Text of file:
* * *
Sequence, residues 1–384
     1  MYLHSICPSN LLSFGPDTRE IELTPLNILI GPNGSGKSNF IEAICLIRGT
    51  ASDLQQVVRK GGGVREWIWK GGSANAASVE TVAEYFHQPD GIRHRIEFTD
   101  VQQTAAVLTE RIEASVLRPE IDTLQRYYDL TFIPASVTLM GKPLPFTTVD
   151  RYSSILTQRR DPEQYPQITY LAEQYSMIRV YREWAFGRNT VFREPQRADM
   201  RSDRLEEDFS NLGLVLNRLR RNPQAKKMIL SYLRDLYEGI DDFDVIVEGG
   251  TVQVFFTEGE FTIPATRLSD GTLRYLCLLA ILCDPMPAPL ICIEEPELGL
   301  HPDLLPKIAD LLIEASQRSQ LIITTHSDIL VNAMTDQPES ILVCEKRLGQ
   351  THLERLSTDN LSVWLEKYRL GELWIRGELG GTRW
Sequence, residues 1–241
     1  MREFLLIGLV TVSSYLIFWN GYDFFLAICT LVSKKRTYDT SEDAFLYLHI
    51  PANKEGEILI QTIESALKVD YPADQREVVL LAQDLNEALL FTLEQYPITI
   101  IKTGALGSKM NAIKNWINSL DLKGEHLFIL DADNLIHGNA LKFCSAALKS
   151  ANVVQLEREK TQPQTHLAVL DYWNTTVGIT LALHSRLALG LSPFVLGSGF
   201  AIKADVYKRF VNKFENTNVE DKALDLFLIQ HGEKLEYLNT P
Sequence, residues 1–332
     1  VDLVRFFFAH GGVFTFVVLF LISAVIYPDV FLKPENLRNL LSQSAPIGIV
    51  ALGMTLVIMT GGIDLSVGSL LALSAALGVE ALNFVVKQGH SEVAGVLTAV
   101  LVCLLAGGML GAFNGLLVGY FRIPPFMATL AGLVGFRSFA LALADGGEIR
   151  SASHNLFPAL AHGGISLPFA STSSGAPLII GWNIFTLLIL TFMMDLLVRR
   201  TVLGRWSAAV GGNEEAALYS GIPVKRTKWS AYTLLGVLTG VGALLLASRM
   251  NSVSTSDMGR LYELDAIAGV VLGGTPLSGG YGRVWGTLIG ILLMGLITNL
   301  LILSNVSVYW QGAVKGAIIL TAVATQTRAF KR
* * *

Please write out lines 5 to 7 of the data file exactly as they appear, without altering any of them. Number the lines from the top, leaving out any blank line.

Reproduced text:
   151  RYSSILTQRR DPEQYPQITY LAEQYSMIRV YREWAFGRNT VFREPQRADM
   201  RSDRLEEDFS NLGLVLNRLR RNPQAKKMIL SYLRDLYEGI DDFDVIVEGG
   251  TVQVFFTEGE FTIPATRLSD GTLRYLCLLA ILCDPMPAPL ICIEEPELGL